by Megan Burbank
As the “red wave” telegraphed by pundits failed to materialize in this year’s midterm elections, I heard one refrain again and again: Abortion mattered after all.
For many voters, The New York Times reported, it was the only thing that mattered. As voters turned out to reject abortion restrictions, Democrats benefited, and Republicans suffered, bucking conventional wisdom that the party out of power would see major wins, as it typically does in the midterms. There’s validity to this framing: Voters indeed showed up to preserve abortion rights through ballot initiatives in Kentucky, Michigan, California, and Vermont. But the election results aren’t really new evidence that Americans support abortion rights: They’re a confirmation of what we already knew.
Back in July, the Pew Research Center reported that 63% of Americans disapproved of Roe v. Wade’s reversal in the U.S. Supreme Court’s ruling on Dobbs v. Jackson Women’s Health Organization. In August, Kansas provided real-life evidence of this when voters rejected a proposed amendment banning abortion.
And while it would be easy to draw a straight line between losing Roe and Americans’ support for abortion rights, it isn’t new. Even before Dobbs was decided, Pew found 61% of Americans said abortion “should be legal in all or most cases.” Only 37% said the opposite, and an even smaller number — just 8% — said abortion should always be illegal with no exceptions. That means anti-abortion policies currently being introduced in abortion-hostile states across the country — some of which don’t include even nominal exceptions for victims of rape and incest — are extreme positions out of step with mainstream public opinion. And if that’s the case, we probably should start acting a little less surprised when voters in states like Kentucky and Kansas affirm abortion rights.
Or when a Democrat like Marie Gluesenkamp Perez wins a race against an anti-abortion Republican backed by Donald Trump. Since 2007, Gluesenkamp Perez’s district has been represented by Republican Jaime Herrera Beutler, who has voted consistently for anti-abortion policies. Herrera Beutler, who was among the 10 House Republicans who voted to impeach Trump, was defeated in the primary by Joe Kent, who has spoken favorably of Roe v. Wade’s reversal and stated his support for a national abortion ban. But a narrow margin of voters rejected Kent, gravitating instead toward moderate Gluesenkamp Perez, who emphasized her support for reproductive freedom in a TV ad where she cut down a tree with a chainsaw. On the campaign trail, she also disclosed her own experience with abortion care. “I miscarried, and you know what I needed?” she said. “You know what the treatment for a miscarriage is? It’s abortion. You know, without treatment, I might have not been able to have my son.”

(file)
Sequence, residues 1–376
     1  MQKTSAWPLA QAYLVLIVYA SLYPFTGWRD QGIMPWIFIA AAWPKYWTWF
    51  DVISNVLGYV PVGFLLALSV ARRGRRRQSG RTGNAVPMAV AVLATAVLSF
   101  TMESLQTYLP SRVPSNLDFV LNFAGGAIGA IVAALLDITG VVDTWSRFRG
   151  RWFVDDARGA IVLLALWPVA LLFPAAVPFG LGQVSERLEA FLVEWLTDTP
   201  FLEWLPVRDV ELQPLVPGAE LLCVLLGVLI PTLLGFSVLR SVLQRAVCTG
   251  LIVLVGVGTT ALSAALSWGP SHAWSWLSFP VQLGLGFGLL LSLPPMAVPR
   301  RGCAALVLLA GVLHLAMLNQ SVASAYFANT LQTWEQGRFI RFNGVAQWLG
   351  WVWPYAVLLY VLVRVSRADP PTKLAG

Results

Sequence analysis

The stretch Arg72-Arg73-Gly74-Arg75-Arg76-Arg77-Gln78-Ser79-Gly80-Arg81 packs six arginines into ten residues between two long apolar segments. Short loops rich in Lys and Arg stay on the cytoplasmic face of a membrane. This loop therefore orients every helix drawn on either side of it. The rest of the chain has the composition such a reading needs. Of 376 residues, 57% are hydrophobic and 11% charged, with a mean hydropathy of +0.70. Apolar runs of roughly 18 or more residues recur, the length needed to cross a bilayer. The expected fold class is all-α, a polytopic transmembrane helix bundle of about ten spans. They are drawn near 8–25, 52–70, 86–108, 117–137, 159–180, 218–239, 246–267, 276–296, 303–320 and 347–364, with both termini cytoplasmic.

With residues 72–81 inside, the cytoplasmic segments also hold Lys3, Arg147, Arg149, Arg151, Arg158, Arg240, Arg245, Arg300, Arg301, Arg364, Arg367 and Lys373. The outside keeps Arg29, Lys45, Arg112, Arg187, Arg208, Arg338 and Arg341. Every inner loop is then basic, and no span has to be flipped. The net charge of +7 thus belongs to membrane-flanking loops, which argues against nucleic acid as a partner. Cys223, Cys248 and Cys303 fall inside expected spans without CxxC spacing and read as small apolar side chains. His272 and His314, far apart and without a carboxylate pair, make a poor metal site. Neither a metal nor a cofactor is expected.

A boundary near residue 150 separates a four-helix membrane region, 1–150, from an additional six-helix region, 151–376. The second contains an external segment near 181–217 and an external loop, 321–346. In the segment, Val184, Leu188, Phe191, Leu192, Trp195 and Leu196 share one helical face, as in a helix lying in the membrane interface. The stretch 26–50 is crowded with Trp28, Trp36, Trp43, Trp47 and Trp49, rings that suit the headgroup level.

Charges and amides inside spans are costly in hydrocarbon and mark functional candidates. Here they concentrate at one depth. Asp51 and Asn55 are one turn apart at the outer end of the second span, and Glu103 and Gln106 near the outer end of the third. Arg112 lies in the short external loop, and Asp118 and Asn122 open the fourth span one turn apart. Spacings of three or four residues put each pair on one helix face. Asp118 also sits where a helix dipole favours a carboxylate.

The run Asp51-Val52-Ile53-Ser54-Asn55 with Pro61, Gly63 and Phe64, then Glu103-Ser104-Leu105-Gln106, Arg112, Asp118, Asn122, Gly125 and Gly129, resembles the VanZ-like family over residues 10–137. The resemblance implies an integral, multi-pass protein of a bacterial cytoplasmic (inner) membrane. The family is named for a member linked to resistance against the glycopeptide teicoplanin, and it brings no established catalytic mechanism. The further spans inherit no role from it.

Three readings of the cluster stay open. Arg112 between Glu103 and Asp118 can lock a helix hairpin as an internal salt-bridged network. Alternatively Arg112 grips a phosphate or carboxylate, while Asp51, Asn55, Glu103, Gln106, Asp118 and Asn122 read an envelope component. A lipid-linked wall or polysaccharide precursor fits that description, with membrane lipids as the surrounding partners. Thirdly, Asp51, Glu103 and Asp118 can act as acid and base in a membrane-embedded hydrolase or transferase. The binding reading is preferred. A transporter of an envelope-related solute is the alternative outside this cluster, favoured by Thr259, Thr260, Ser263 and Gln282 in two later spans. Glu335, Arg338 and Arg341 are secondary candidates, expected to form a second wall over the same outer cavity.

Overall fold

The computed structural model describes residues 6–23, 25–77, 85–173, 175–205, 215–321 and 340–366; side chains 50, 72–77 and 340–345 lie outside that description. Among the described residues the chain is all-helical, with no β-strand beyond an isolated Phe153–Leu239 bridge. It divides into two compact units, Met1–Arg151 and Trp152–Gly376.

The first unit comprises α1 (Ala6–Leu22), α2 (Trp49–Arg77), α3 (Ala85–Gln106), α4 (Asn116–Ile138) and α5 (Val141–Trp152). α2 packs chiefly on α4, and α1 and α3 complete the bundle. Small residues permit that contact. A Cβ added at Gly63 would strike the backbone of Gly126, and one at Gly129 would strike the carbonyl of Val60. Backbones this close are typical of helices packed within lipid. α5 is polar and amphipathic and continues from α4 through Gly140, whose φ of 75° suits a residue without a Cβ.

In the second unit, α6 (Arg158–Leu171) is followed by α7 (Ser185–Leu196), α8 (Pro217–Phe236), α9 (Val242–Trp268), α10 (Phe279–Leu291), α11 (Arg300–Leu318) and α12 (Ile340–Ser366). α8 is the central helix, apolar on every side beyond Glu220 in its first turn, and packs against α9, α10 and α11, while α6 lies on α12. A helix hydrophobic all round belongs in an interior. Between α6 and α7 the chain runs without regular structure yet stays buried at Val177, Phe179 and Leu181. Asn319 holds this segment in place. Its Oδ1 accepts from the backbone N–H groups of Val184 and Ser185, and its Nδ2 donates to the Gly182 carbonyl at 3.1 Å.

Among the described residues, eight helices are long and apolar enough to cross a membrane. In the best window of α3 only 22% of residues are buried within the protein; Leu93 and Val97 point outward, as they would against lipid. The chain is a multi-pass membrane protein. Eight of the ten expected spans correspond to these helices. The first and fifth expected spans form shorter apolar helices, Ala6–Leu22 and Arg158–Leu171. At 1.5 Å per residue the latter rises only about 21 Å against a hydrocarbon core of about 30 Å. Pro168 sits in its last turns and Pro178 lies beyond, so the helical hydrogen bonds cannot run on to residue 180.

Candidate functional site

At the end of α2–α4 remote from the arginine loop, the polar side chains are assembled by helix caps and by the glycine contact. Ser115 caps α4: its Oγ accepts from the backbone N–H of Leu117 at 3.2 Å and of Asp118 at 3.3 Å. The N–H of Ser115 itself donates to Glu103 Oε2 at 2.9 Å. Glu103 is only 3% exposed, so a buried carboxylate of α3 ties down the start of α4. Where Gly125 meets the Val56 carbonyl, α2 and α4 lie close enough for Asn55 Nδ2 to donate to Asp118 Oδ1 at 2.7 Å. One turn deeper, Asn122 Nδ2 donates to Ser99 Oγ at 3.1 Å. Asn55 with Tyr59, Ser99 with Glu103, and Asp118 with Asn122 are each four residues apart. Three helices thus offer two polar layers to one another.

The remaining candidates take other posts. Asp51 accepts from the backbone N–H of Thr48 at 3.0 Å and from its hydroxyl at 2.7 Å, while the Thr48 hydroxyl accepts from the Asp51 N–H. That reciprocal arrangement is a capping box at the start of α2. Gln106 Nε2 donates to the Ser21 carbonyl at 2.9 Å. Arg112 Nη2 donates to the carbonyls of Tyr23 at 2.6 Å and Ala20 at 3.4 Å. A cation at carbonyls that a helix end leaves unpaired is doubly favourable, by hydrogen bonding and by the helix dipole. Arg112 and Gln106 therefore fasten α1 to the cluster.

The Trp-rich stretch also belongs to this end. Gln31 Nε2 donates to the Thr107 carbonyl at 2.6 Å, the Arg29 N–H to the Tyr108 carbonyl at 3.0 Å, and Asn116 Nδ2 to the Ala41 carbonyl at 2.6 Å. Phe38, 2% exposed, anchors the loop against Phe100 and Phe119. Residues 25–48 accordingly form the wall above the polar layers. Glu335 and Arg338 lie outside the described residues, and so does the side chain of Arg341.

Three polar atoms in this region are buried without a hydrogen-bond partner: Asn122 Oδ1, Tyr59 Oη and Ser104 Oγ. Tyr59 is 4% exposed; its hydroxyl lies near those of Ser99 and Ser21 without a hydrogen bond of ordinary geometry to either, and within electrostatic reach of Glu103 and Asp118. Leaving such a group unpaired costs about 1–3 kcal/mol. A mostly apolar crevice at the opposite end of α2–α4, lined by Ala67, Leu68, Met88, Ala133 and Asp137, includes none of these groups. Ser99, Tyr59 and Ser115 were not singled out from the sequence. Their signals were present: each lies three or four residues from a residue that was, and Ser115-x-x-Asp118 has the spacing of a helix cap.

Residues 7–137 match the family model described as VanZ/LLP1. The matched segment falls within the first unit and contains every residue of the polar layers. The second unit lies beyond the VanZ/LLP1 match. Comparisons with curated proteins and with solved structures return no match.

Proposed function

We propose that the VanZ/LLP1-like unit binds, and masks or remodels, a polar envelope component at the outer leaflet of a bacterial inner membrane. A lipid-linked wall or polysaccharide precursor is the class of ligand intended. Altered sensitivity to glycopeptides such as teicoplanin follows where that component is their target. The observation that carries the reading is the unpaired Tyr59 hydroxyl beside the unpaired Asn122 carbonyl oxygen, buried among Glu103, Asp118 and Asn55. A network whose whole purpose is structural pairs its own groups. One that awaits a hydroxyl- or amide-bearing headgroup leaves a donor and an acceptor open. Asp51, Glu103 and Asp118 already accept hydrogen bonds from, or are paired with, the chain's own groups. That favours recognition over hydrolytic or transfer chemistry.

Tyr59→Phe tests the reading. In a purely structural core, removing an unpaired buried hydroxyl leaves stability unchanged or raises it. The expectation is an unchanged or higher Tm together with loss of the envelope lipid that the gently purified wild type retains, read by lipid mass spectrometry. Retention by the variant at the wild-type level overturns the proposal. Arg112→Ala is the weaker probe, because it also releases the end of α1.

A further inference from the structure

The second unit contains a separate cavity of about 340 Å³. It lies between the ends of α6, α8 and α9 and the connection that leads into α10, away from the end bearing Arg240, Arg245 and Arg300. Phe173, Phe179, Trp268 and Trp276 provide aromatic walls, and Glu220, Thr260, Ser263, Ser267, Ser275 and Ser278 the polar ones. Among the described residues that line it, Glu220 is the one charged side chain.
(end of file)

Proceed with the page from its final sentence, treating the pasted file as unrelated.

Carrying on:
Gluesenkamp Perez’s statement, which didn’t keep her from winning her race, aligns with public opinion. But you wouldn’t know that from the way abortion policy is often framed in media accounts, or by the Supreme Court itself. “Abortion presents a profound moral issue on which Americans hold sharply conflicting views,” wrote Justice Samuel Alito in the Court’s opinion on Dobbs. “Some believe fervently that a human person comes into being at conception and that abortion ends an innocent life. Others feel just as strongly that any regulation of abortion invades a woman’s right to control her own body and prevents women from achieving full equality. Still others in a third group think that abortion should be allowed under some but not all circumstances, and those within this group hold a variety of views about the particular restrictions that should be imposed.”
What Alito wrote is true: People do have all kinds of opinions and complicated feelings about abortion. I’m privy to a lot of them. But by listing out each stance without any regard for public opinion, he gives the impression that each has equal weight among American voters, and, as we know from the data — and now from the elections — that just isn’t true. The “profound moral issue” Alito describes is actually not much of a conundrum at all: By and large, it seems Americans understand the complexity of abortion and still support reproductive rights. Among the 63% of Americans who disapproved of Roe’s reversal, I’m sure there are some who consider abortion a tragedy and nonetheless want access to it maintained. I bet that number includes people who have had abortions and donate to abortion funds, and I’m sure it includes those who have miscarried and have no confusion about what a D&C (dilation and curettage) really is.
People have all kinds of feelings about abortion, but to equate even the most intense, complicated feelings a person can have with the desire to make something illegal is quite a leap. It takes some mental gymnastics to get there. And as the data suggests, voters weren’t willing to jump.
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Megan Burbank is a writer and editor based in Seattle. Before going full-time freelance, she worked as an editor and reporter at the Portland Mercury and The Seattle Times. She specializes in enterprise reporting on reproductive health policy, and stories at the nexus of gender, politics, and culture.
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